Letter from Onomichi
by Linda Ohama
January 2012, Onomichi, Japan
“Akemashite omedetou gozaimasu.”
That is what everyone is saying here, the first time they greet you in the New Year.
2011 is now behind us. The year will always be remembered as the year of the Great Tohoku Earthquake for the Japanese.
And 2012 will be a year for Japan to continue the massive clean up and rebuilding of Tohoku and Japan, and for the Tohoku people to carry on rebuilding their lives.
And they will.
After experiencing my first oshogatsu in Japan, I now understand so much more about the culture, the Japanese, myself and even Tohoku. What is the strength and joy that carries a person through time? It has been an amazing experience to feel.
A friend warned me that Christmas would not be that special here in Japan, but to watch out….because on December 26, suddenly everything would shift overnight to an exciting energy preparing for the New Year’s oshogatsu celebrations.
This is true. Christmas in Japan is not like Christmas in Canada. Yes, there are decorations and gifts for sale in the department stores and shops . . . the commercial part of the season, and the line-ups for KFC in lieu of the roast turkey or goose dinner, and the strawberry shortcake in place of fruitcake. Stockings are hung by the young people, but on the whole, Christmas is just another day in Japan as business and lives continue their normal routines.
For me, it was a time when I missed my family the most . . . but I got through it okay with the help of skype (the internet).
This photo is from my July stay in Onagawa when I was traveling through Tohoku. I camped out with the temporary tent shelter families that lost their homes to the tsunami in Onagawa. During the day, I was working with the children who painted pictures and wrote words about what they wanted to say through the cloth letters. The best part was at night when everyone went together to the portable ofuro to bath in the deep hot water. It was set up by the Jieitai: the Japanese Ground Self-Defence Force. Even in the sweltering soggy heat of July when it was unbearably hot, the hot ofuro was something to look forward to. Things like that made the Tohoku people stay strong.
During my lectures at universities in Japan this year, I began to realize another thing as we often discussed Tohoku in some of the classes. Listening to the young university students’ (outside of Tohoku) concerns, most times they expressed a feeling of helplessness, even shame . . . and a deep sadness and worry. They could put their coins into the donation boxes at the convenience stores, but they still wanted to do something more.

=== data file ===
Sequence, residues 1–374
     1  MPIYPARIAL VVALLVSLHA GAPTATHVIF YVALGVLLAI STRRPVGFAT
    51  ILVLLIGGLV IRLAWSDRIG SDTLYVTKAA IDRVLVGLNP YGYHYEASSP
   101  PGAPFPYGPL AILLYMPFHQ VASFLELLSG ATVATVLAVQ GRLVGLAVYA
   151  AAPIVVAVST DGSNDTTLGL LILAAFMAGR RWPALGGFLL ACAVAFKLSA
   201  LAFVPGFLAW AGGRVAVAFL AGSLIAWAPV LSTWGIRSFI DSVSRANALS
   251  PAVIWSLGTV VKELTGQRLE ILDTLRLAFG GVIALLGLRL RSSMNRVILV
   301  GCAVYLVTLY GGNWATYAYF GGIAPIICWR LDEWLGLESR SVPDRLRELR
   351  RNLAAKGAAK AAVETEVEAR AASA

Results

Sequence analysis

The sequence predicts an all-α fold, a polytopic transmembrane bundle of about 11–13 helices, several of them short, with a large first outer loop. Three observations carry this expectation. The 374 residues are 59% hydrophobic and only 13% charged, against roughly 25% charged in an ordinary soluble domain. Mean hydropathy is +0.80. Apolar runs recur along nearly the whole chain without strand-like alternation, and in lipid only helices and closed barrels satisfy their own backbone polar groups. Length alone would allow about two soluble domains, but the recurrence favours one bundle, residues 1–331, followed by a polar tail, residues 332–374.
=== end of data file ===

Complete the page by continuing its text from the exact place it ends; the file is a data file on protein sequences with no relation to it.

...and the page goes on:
Initiating action is not a strong point of the Japanese, including the young university students. But once an opportunity is given for them to express themselves, they go at it with all their heart and strength. This is what I realized during this past year.
During the early December lectures, we came up with a small plan for these students to take some action. The plan was to send special gift packages to young people in Tohoku for Christmas. Since the numbers for Tohoku are so large, we chose the young people of a temporary housing community from Onagawa, Miyage prefecture whose town was completely destroyed except for a few buildings on the tops of hills.
Last July, I was in Onagawa working with the young people and the Canada-Tohoku Cloth Letter project. Through a contact at the Onagawa emergency center, I was now able to get the numbers of young people for each age group beginning with 0-3 year-olds, up to 14-18 year-olds living in the temporary housing community.
I posted this information to university classes, with a list of suggested items (handmade or store bought scarves, gloves, chocolates, gum, cookies, treats), my Onomichi address as the gathering point, and a specific deadline for these things to reach me.
As the deadline approached, my living room suddenly became full of boxes and packages from students and professors from all over Japan: Tokyo, Gifu, Nagoya, Fukuoka, Kochi, and Onomichi. It was incredible what these students and teachers did.
There were over 70 scarves, with about 60 hand knit, colorful scarves (‘mufflers’ in Japanese) and the rest from Uniqulo!! (a favorite shopping place for young people). Tons of special chocolates, cookies and treats. 55 lip glosses and hand creams. It was truly amazing to see all the thoughtful gifts and messages.
As my Onomichi friends and I sat through the night in my living room, making up beautiful red ribboned gift packs, we laughed with joy as we imagined all the “Santa’s helpers” that came to be.
The next morning, three large cartons of tagged gifts were couriered to Onagawa for delivery Christmas morning (which turned out to be Christmas noon).
The card in each package was a full sheet of the many, many names and locations of everyone who was part of this little project. Just knowing the number of people and the number of places was awesome and inspiring . . . and surprising . . . this is what surprised the people in Onagawa the most!
Life is amazing. Resilient. Beautiful. Destructive. Forgiving. Simple. Strong. Fragile. Harsh. Gentle. And mostly inspiring.
Life is all these things and more.
This is what I have been learning this year in Japan.
A deep sense of peace takes over as you feel that you are one part of something much larger, as you experience the rituals and celebrations of oshogatsu. This is oshogatsu.
One ritual is to fly a kite. You work hard running against the wind to get your kite to go up in the air over and over again. Finally when it reaches high enough to just drift with a few light tugs on the string that connects it to you, there is a strange sense of peacefulness in the act. This is oshogatsu.
Happy New Year everyone.
May you also experience this feeling of peace and fulfillment.